From: Reuters
Published March 4, 2008 11:55 AM

Russia's Medvedev must guard freedoms: rights chief

MOSCOW (Reuters) - Russia's human rights ombudsman said on Tuesday Dmitry Medvedev has to prove he can ensure freedoms when he takes over as Kremlin leader from President Vladimir Putin later this year.

Medvedev, elected president on Sunday with just over 70 percent of the vote, says he wants to ensure a civil society and make sure officials obey the law.

"He has said a lot to the fact that he values freedom and a reliance on the legal system. What remains to be seen is if this is carried out," ombudsman Vladimir Lukin, who has at times been critical about human rights abuses under Putin, told reporters.

"No small court in some small Russian region is going to act legally if it sees that more powerful government officials can get away with the kinds of violations that they do."

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Lukin, a former historian and diplomat, is appointed by the Russian parliament.

Putin's opponents say the former KGB spy has pushed back democratic rights by centralizing power in the Kremlin and widening state control of television channels, though Putin has repeatedly said he values civil society.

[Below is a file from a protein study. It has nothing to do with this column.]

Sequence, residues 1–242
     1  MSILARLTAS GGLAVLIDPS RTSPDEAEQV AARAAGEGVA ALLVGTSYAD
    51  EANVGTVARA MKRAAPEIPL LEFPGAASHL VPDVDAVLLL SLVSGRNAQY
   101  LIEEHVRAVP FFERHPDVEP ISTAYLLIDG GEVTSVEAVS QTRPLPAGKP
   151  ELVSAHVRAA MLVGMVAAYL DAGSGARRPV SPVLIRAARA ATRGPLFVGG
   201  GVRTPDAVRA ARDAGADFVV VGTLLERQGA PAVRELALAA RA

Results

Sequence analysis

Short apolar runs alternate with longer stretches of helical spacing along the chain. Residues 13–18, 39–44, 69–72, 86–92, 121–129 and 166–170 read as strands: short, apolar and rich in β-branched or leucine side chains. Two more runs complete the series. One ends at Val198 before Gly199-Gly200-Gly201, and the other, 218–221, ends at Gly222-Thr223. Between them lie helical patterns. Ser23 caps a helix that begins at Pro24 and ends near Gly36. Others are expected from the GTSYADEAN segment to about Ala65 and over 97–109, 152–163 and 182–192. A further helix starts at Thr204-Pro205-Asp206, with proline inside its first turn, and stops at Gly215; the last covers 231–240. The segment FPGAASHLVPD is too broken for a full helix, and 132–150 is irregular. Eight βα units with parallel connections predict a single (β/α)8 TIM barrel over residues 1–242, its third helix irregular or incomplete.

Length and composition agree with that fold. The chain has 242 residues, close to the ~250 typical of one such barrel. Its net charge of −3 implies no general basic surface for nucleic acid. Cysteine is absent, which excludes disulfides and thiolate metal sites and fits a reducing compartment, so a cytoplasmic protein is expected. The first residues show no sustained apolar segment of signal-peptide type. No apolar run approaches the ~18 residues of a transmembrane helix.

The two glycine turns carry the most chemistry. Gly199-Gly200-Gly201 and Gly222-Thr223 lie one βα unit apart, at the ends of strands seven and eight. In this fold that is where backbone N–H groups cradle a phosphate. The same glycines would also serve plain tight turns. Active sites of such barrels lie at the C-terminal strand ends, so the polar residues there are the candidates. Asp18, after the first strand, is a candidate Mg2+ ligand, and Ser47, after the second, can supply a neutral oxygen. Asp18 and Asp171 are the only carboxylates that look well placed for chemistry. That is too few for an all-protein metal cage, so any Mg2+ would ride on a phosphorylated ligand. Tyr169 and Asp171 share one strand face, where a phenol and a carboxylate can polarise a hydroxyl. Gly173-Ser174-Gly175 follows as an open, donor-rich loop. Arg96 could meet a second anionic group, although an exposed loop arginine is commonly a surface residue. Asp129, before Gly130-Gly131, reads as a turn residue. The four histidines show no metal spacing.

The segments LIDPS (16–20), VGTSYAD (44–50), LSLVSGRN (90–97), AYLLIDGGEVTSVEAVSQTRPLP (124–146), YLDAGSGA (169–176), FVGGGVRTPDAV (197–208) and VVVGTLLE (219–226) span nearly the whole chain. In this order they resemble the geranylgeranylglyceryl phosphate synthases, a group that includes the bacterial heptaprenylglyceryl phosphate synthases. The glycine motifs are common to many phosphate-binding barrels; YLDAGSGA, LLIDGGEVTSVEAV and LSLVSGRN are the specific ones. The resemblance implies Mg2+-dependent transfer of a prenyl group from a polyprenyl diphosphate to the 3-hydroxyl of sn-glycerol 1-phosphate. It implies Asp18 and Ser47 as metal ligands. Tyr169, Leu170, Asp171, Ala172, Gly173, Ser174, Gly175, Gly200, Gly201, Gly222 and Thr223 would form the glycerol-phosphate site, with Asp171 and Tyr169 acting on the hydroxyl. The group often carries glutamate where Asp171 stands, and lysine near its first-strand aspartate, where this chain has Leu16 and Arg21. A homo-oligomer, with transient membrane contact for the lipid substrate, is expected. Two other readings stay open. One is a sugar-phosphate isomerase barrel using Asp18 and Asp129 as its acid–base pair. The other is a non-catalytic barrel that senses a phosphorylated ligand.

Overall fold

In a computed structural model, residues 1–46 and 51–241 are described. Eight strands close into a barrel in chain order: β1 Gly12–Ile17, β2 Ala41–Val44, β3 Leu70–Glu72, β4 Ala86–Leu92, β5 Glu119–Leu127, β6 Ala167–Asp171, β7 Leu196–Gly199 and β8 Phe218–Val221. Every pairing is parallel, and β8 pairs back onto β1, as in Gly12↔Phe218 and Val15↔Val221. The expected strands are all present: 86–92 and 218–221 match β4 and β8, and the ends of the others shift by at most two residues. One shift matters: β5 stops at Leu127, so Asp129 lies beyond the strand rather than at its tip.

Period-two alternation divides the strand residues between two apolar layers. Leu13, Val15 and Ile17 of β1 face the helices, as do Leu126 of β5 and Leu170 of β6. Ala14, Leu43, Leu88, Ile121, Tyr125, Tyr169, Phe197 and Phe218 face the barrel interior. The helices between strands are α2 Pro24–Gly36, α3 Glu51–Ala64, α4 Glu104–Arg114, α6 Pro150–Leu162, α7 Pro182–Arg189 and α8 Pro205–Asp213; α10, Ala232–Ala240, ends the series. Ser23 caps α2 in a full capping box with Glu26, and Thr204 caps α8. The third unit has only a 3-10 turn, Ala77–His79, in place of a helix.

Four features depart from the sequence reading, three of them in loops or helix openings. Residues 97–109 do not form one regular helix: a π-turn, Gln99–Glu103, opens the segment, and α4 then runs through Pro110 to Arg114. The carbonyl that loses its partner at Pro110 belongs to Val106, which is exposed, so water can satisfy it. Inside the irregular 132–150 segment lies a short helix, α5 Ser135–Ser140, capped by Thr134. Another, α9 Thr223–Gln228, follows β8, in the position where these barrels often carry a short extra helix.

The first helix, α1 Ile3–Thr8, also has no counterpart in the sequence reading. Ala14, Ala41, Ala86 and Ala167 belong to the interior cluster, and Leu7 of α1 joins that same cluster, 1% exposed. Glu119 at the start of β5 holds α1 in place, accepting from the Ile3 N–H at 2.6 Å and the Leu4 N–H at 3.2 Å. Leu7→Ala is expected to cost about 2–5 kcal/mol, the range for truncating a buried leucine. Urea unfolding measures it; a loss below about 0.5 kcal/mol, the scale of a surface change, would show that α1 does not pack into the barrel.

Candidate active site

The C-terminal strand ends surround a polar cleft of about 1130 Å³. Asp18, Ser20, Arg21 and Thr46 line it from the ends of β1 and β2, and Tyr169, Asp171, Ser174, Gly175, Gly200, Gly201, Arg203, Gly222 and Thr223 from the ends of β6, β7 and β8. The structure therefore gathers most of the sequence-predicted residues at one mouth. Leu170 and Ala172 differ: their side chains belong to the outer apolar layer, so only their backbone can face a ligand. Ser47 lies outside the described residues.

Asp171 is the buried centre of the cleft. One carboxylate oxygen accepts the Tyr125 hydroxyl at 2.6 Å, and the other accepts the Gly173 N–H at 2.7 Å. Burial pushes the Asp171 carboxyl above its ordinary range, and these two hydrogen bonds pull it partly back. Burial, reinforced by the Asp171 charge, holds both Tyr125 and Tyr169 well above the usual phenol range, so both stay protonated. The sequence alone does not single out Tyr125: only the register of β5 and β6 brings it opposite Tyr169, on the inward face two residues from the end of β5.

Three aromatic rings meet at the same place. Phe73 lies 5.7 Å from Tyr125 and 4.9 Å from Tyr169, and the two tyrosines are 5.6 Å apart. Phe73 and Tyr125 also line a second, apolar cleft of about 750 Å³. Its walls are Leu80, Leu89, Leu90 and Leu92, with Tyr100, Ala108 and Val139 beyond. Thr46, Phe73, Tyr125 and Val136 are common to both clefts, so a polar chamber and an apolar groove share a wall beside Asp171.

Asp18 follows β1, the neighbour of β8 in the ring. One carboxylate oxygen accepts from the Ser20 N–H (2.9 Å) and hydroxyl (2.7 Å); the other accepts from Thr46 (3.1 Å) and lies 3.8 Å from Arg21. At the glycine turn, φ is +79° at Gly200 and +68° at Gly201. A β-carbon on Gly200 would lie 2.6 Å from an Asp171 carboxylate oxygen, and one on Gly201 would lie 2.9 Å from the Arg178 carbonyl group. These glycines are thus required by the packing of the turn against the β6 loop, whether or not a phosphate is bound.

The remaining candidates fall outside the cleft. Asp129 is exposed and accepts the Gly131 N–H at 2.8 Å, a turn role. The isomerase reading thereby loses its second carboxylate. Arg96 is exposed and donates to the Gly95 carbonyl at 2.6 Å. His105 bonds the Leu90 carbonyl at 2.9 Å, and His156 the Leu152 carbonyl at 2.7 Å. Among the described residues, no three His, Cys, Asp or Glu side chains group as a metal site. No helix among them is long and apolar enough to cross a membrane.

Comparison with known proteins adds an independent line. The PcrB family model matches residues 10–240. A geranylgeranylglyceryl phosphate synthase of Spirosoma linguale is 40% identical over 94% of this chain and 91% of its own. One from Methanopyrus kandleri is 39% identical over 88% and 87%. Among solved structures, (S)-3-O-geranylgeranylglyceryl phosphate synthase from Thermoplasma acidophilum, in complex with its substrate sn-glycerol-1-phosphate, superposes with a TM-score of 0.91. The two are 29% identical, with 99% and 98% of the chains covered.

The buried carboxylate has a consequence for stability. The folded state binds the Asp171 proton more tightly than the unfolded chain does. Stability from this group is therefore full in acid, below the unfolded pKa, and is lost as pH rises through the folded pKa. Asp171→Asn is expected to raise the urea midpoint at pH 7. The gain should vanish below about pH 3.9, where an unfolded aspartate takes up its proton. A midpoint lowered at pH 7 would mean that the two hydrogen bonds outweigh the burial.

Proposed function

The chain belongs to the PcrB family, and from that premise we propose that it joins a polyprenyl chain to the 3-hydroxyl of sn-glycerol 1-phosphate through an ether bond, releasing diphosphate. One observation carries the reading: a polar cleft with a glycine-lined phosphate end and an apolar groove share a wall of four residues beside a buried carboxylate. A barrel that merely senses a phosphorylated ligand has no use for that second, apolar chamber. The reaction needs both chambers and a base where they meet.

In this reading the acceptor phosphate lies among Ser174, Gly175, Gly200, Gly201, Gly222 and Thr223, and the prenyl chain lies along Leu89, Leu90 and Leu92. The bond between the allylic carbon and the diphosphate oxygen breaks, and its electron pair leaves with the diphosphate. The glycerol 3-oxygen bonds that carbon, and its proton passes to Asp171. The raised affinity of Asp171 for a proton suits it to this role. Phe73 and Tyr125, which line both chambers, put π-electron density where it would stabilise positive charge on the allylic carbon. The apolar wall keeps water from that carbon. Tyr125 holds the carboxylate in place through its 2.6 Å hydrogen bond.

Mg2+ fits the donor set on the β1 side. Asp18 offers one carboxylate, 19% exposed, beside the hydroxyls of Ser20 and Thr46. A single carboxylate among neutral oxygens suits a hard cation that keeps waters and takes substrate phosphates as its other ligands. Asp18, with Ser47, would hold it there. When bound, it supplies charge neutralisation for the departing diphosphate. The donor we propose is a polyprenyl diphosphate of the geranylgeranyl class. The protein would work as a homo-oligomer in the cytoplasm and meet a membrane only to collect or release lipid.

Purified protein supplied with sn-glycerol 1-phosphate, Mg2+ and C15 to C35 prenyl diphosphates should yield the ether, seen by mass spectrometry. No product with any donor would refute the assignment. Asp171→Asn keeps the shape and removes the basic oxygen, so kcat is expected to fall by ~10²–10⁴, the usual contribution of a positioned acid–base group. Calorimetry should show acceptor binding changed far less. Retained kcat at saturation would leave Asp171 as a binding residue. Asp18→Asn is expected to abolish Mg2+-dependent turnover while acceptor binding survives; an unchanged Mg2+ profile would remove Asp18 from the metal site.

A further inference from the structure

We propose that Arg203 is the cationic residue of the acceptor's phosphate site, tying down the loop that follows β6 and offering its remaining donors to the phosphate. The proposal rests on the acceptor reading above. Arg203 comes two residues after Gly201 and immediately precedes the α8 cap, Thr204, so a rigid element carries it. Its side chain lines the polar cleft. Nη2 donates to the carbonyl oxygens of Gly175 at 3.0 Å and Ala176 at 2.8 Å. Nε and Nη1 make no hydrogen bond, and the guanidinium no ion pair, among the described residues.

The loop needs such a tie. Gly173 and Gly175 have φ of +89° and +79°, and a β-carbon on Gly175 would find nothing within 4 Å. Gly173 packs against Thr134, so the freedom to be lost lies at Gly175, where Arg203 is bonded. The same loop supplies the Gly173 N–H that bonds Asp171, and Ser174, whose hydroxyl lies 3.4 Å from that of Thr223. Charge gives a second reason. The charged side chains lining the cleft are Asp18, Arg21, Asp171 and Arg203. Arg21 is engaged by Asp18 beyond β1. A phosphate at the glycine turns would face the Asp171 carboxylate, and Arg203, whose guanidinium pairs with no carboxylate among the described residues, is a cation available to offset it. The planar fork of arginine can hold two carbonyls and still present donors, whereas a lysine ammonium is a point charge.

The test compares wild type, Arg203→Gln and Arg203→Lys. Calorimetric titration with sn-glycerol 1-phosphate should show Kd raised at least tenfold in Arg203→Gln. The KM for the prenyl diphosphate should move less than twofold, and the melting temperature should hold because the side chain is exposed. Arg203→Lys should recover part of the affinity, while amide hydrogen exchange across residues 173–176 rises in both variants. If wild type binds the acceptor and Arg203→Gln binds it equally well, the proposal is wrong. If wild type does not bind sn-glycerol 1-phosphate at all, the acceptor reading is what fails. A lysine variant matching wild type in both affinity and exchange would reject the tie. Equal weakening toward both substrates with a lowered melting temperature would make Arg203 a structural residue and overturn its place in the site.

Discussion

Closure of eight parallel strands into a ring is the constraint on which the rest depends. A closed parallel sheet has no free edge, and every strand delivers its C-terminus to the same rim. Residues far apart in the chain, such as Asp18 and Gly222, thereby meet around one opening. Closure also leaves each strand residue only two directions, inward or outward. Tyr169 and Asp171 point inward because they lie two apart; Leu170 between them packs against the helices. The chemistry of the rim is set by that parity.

Lukin criticized police arrests of activists who tried to gather in Moscow on Monday for an unsanctioned protest against Medvedev's election.

More than 300 riot police, sometimes using batons, detained scores of activists and dragged protesters to police buses, Reuters reporters at the scene said.

The authorities in the northern city of St Petersburg allowed a demonstration to go ahead peacefully.

"I can only say that the St Petersburg authorities followed the law, something unfortunately the Moscow police did not do," Lukin said.

He said his office received 28,617 complaints about rights abuses in 2007, down 12 percent over 2006.

(Reporting by Chris Baldwin, editing by Richard Meares)

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